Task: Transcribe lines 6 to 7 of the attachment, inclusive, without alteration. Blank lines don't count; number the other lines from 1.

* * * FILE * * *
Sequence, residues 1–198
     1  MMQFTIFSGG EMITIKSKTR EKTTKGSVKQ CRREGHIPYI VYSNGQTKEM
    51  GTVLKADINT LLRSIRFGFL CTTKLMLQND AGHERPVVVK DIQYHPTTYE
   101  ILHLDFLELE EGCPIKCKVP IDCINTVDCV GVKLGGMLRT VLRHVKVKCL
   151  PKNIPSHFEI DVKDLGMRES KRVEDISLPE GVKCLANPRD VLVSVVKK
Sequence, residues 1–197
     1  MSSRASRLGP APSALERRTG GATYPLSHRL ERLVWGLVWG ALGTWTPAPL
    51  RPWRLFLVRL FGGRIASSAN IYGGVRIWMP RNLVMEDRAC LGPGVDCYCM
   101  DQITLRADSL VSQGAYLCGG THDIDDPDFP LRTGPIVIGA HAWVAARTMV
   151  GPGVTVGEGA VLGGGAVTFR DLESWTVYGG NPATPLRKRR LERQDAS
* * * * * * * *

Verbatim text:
Sequence, residues 1–197
     1  MSSRASRLGP APSALERRTG GATYPLSHRL ERLVWGLVWG ALGTWTPAPL